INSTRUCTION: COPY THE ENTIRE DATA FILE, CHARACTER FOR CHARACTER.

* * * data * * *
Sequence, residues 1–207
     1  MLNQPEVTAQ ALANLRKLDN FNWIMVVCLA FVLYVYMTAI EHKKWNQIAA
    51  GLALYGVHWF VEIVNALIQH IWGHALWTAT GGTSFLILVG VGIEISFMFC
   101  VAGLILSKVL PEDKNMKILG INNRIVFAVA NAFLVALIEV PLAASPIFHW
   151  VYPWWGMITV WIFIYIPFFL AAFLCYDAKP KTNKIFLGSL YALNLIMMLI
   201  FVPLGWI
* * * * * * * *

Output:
Sequence, residues 1–207
     1  MLNQPEVTAQ ALANLRKLDN FNWIMVVCLA FVLYVYMTAI EHKKWNQIAA
    51  GLALYGVHWF VEIVNALIQH IWGHALWTAT GGTSFLILVG VGIEISFMFC
   101  VAGLILSKVL PEDKNMKILG INNRIVFAVA NAFLVALIEV PLAASPIFHW
   151  VYPWWGMITV WIFIYIPFFL AAFLCYDAKP KTNKIFLGSL YALNLIMMLI
   201  FVPLGWI